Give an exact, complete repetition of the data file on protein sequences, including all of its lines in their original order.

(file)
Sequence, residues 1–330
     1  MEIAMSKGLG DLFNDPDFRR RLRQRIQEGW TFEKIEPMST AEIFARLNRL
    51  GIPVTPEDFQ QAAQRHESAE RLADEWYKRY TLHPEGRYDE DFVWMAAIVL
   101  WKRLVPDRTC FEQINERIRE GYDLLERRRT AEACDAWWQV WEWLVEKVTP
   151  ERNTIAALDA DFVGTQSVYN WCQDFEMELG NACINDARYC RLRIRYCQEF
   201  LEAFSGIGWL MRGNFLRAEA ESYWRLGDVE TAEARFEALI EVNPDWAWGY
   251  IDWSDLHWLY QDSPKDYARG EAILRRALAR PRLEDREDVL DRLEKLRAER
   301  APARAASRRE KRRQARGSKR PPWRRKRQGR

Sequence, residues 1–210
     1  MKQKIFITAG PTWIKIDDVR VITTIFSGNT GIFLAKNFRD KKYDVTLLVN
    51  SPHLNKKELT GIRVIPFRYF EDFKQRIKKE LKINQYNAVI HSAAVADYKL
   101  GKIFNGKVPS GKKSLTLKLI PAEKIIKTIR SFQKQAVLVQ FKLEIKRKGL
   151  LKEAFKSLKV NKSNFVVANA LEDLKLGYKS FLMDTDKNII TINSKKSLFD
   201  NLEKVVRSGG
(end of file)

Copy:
Sequence, residues 1–330
     1  MEIAMSKGLG DLFNDPDFRR RLRQRIQEGW TFEKIEPMST AEIFARLNRL
    51  GIPVTPEDFQ QAAQRHESAE RLADEWYKRY TLHPEGRYDE DFVWMAAIVL
   101  WKRLVPDRTC FEQINERIRE GYDLLERRRT AEACDAWWQV WEWLVEKVTP
   151  ERNTIAALDA DFVGTQSVYN WCQDFEMELG NACINDARYC RLRIRYCQEF
   201  LEAFSGIGWL MRGNFLRAEA ESYWRLGDVE TAEARFEALI EVNPDWAWGY
   251  IDWSDLHWLY QDSPKDYARG EAILRRALAR PRLEDREDVL DRLEKLRAER
   301  APARAASRRE KRRQARGSKR PPWRRKRQGR

Sequence, residues 1–210
     1  MKQKIFITAG PTWIKIDDVR VITTIFSGNT GIFLAKNFRD KKYDVTLLVN
    51  SPHLNKKELT GIRVIPFRYF EDFKQRIKKE LKINQYNAVI HSAAVADYKL
   101  GKIFNGKVPS GKKSLTLKLI PAEKIIKTIR SFQKQAVLVQ FKLEIKRKGL
   151  LKEAFKSLKV NKSNFVVANA LEDLKLGYKS FLMDTDKNII TINSKKSLFD
   201  NLEKVVRSGG